Through Their Eyes
A journey in Tanzania with OAT’s Next Generation Leaders
by Harriet Lewis
Since Alan and I acquired OAT in 1993, we’ve felt so indebted to the people of the countries to which we’ve traveled—people who have shared both their beautiful homelands and their life stories with so many thousands of our travelers. We feel a special responsibility to share our success by giving back to the world—beginning with education, which I believe is our greatest opportunity to truly change people’s lives.
Much closer to home, I also feel a responsibility toward my own community here in Boston—particularly toward young people who often don’t have the means to explore their full educational potential. These are our future community leaders, business leaders, world leaders—and so many of them don’t realize just how wonderful they are.
In 2007, I had the unique pleasure of working with ten such students through our Next Generation Leaders program, a special project sponsored by Overseas Adventure Foundation. It was a demanding program, but ultimately tremendously rewarding for the students. We put them through “Outward Bound”-style teamwork training and rigorous internships at OAT, and, upon completion of the program, we awarded them college scholarships.
Along with this program, though, I wanted to give these students a special experience that they’d never had the opportunity to enjoy: the chance to see another world beyond Boston. I wanted to give them a life-changing, mind-broadening experience … so I decided to bring them to a place that has always given that to me: Tanzania.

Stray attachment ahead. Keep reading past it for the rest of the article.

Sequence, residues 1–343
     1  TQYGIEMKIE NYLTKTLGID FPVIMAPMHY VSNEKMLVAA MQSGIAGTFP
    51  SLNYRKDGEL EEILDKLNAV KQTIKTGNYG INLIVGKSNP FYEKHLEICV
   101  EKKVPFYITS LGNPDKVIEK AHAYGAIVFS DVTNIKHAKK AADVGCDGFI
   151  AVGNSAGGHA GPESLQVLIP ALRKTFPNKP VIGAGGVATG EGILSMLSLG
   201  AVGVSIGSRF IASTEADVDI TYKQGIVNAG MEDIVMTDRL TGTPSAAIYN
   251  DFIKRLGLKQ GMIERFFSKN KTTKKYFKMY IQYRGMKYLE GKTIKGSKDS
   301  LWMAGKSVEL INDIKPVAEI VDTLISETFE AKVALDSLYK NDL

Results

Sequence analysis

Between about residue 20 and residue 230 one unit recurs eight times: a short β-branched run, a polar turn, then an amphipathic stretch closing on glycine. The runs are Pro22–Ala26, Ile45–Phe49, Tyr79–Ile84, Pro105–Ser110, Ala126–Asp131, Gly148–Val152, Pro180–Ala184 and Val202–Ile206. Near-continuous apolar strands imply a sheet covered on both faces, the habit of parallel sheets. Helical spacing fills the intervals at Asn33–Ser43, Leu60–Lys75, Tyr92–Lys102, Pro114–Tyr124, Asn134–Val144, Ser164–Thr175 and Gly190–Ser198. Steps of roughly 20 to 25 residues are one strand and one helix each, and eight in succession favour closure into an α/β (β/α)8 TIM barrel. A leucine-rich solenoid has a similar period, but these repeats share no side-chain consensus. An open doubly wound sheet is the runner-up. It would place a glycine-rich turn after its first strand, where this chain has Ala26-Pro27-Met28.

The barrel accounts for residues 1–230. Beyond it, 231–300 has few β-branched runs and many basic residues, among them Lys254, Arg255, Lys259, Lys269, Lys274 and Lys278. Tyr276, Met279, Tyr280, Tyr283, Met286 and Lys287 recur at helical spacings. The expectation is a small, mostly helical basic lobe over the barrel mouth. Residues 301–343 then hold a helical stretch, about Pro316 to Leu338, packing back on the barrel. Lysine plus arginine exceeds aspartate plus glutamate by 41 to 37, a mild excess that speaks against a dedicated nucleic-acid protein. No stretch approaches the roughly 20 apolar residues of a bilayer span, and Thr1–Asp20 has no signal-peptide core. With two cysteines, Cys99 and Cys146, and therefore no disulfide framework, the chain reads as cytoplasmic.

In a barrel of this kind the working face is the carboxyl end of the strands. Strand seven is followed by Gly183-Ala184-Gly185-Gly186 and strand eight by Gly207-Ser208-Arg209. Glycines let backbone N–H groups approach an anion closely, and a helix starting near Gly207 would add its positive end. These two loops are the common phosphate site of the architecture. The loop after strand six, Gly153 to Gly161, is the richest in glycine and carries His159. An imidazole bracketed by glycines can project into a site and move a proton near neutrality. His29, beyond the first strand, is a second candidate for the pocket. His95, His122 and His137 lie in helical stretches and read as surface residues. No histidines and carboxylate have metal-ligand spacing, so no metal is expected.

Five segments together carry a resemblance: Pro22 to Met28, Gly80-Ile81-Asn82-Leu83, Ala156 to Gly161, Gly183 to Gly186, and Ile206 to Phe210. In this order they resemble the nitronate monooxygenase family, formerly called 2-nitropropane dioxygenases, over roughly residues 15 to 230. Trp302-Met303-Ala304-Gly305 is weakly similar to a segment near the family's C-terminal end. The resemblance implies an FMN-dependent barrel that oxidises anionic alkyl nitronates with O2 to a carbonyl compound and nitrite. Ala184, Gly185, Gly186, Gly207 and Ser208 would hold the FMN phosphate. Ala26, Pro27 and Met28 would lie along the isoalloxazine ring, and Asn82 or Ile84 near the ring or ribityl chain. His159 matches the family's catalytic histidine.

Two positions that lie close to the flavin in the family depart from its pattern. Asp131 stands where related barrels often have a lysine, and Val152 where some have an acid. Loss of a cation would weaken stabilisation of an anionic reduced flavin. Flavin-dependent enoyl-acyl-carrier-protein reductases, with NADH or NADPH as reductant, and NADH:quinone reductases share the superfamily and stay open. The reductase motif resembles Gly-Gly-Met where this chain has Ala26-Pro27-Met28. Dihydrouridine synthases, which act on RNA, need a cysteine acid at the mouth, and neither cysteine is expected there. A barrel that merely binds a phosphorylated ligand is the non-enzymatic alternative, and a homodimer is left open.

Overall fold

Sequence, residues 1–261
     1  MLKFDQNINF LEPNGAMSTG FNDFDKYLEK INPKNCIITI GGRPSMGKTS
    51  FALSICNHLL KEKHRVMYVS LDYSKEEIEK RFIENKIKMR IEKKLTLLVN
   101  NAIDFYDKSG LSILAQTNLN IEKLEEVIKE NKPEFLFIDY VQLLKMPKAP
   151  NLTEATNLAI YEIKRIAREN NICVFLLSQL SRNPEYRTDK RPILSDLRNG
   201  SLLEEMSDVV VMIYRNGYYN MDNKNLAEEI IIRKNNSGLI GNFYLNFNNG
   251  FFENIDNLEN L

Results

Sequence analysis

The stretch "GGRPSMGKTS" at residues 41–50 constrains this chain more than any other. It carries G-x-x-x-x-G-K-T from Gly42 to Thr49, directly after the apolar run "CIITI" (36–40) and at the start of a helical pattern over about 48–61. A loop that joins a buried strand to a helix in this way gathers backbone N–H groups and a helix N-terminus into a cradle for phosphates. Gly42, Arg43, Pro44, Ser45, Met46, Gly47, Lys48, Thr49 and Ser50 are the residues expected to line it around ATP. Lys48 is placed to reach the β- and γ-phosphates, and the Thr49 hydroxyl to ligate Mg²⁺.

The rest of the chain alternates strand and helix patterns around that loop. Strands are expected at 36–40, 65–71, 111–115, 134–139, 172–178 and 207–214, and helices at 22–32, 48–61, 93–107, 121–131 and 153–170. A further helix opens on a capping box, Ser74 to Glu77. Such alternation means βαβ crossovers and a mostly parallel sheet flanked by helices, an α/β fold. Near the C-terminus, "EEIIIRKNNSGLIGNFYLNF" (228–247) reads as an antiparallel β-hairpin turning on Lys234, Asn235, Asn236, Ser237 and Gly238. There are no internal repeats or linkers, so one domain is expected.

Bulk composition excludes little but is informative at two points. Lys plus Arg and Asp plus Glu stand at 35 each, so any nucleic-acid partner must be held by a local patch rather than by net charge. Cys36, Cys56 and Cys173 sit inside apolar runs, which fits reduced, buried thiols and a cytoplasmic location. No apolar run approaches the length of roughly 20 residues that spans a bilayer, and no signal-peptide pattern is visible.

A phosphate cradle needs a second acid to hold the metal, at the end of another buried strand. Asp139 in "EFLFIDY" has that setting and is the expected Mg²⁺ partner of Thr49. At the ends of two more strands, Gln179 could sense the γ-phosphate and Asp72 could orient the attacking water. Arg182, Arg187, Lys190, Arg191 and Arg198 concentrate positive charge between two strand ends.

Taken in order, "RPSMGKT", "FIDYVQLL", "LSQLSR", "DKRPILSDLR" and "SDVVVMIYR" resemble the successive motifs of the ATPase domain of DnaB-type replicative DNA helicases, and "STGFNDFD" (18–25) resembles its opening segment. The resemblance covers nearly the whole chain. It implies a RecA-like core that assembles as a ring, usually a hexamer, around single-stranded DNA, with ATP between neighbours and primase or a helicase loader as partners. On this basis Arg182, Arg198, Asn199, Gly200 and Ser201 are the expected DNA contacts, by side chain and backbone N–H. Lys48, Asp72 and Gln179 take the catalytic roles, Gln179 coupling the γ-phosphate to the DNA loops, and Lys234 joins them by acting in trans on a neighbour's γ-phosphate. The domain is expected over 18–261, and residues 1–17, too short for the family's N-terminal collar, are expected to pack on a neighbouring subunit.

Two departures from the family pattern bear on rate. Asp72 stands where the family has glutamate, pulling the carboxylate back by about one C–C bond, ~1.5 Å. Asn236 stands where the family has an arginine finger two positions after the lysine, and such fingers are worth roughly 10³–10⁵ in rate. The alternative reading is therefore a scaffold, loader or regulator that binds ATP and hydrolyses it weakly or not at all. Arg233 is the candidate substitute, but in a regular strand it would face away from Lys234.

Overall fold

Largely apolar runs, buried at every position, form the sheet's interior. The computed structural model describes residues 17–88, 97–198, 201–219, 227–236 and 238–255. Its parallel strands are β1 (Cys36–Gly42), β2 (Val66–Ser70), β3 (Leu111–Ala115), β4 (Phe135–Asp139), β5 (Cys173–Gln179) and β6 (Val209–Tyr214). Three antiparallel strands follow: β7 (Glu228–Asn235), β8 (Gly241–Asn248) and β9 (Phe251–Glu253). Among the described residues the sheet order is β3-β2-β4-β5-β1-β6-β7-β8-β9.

OAT ran its very first safari in Tanzania long before we purchased the company—so Alan and I feel especially indebted to share our success here. The people here are inspirational: great storytellers who love to dance and sing and laugh … yet they also have a heartbreaking sense of wanting more for themselves, but not having the means to go after it. They face so many obstacles—just as our Next Generation Leaders had already faced enormous obstacles in their own young lives.
The students and I traveled a bumpy red dirt road to reach the Bashay Primary School in the Tanzanian village of Karatu—the same road that the students of Bashay must travel on foot to get to school each day. The school is a longtime friend of OAT: Overseas Adventure Foundation has donated more than $48,000 to Bashay since 2004, helping to build and repair classrooms, purchase chairs and desks, and replace two roofs. Our travelers, too, have donated nearly $5000 on their own. Today, we gave the Bashay School a different sort of gift—and they returned the gift to us, tenfold.
When we arrived, the schoolchildren were lined up outside, singing. We split them into small groups, and I watched as our Next Generation Leaders led the Tanzanian children in various activities—some played soccer, others did art projects. Then, the parents of the Bashay students arrived to help us all prepare lunch together, a simple meal cooked outdoors over a fire, with only the most basic of utensils.
We served lunch outside under the trees. And as we enjoyed it, one of the Next Generation Leaders came up to me. She had been homeless for much of her life, I knew, and had pulled herself up when the odds were against her.
“Harriet,” she said, “I have to tell you something.”
“What,” I asked her, watching the tears well up in her eyes.
“I take so much for granted,” she said.
Our Next Generation Leaders went off to college after that summer, and someday I hope to hear about all of the great things they accomplish in their lives. But wherever life takes them, I hope they’ll never forget their journey to Tanzania—the nights they spent camped at the rim of Ngorongoro Crater in tents they pitched themselves, half a world away from the sounds of the city … the fireside dances with a group of Maasai tribesmen, who, after demonstrating their traditional jumping dance, learned (with some amusement) how young people dance in America … and of course, the day spent at the Bashay Primary School, where my one young friend learned to take nothing for granted.
I know I’ll never forget seeing it through their eyes.